A few years ago, in a frantic search for any remaining Green Silence, I scoured the internet and found 3 pair in my size. Now relegated to a marathon-only shoe, there are a limited number of races left in them.

And that left me looking for a replacement pair, along with something suitable for other race distances. The Brooks Asteria — a replacement for the company’s ST Racer model — is ready to fill the void.

But knowing shoe companies proclivity for making tweaks and changes, I’m looking at a small investment to stockpile enough for future races. The lightweight Asteria are a terrific shoe, designed for mild overpronation, and they’re closest I’ve come to finding the freedom and adrenaline of a new pair of Green Silence.

This past Saturday, with temperatures soaring into the 80s during a midday 10-miler, my steps felt quick and smooth in the Asteria, even if the red and black color scheme aren’t exactly my style.

Double the Heat

Not many runners, at least in northern climes, enjoy the heat.

Once the thermometer rises above 65 degrees, a daily workout can feel icky. Even worse, racing any distance longer than a 5K might seem like pure torture.

But how many runners do you know who love believe they run better in a fall race?

Certainly, consistent training is a lot easier when you’re not fighting layers of clothes and the tricky, often brutal, conditions of winter and early spring in the Upper Midwest. But there’s also science behind it:

Researchers have been looking at the effects of heat on athletic performance for decades, and their results have been consistently surprising. Studies have found that, in addition to an increased rate of perspiration, training in the heat can increase an athlete’s blood plasma volume (which leads to better cardiovascular fitness), reduce overall core temperature, reduce blood lactate, increase skeletal muscle force, and, counterintuitively, make a person train better in cold temperatures.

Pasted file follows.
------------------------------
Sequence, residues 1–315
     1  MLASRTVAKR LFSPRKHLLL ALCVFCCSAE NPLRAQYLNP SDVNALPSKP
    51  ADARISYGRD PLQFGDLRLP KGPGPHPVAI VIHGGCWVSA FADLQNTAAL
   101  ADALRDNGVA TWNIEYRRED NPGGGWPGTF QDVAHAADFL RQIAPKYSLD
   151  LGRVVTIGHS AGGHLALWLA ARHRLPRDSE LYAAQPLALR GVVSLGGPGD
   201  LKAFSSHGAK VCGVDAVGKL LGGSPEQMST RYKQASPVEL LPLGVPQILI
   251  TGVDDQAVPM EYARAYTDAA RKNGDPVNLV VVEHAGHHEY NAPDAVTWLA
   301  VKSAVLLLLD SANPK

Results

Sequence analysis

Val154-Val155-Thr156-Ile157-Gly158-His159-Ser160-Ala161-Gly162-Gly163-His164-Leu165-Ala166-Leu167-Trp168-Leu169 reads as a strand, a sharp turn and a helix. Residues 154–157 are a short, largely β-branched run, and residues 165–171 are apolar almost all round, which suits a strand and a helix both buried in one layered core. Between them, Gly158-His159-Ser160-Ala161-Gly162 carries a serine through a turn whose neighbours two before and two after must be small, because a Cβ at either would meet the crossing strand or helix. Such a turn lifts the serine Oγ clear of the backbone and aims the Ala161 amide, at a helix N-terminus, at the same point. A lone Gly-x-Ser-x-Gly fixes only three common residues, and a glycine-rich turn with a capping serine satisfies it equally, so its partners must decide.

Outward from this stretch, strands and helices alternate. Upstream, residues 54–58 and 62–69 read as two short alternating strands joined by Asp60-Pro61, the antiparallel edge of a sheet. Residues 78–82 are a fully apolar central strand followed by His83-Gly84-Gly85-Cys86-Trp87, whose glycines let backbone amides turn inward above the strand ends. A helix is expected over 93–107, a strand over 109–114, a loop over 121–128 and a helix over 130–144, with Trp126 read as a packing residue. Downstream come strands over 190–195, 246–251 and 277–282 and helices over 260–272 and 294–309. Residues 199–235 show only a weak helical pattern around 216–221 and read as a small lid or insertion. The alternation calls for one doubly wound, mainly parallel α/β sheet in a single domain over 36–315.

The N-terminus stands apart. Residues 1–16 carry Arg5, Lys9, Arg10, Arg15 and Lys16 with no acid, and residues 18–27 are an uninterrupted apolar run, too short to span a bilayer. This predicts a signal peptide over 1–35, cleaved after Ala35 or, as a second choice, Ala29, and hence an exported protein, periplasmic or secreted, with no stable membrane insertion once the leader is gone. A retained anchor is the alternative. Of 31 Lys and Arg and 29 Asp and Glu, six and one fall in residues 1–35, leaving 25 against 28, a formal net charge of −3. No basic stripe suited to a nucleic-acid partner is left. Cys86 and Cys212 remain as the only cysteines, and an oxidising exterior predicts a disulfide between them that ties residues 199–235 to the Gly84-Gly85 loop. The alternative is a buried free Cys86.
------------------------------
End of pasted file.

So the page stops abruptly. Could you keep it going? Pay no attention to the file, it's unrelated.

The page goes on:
In fact, heat acclimation may actually be more beneficial than altitude training in eliciting positive physiological adaptations, says Santiago Lorenzo, a professor of physiology at Lake Erie College of Osteopathic Medicine and a former decathlete at the University of Oregon.

The above passage, outlined in OutsideOnline, reinforced something that seemed apparent in my training for fall marathons each of the past few summers. Now I’m a big believer as those training blocks the past 2 summers — when I logged most of my miles after work — helped me nail a marathon PR and a qualifying time for the Boston Marathon in 2015 and 2016, respectively.

Race times showed that most of my best or fastest races come in the fall. When I stumbled across the above article, it made sense to me.

An early morning run can be exhilarating and energizing, but I’m still going to find some time this summer to log some of my runs in late afternoon and evening.

Since I’m a big fan of performing a weekly double (running twice in one day), it should help log a good time this fall since it pulling it off requires running at least one workout in the heat. And by sleeping in once or twice a week would also mean running after work, that would yield 2 or 3 evening runs each week — an easy way to get the extra training benefit of running in the heat and acclimate just in case race morning proves to be warm.

Pushing for Angels

One of the great things about our sport is there are so many ways to pair running with other passions in our lives. It gives us a chance to enjoy running while supporting charities or causes, creating awareness and sharing stories about special people.

There are a lot of good causes and events out there but one worth particular mention is Ainsley’s Angels, which is hosting its Sunrise 5K this Saturday at Bethesda Lutheran Church in Moorhead.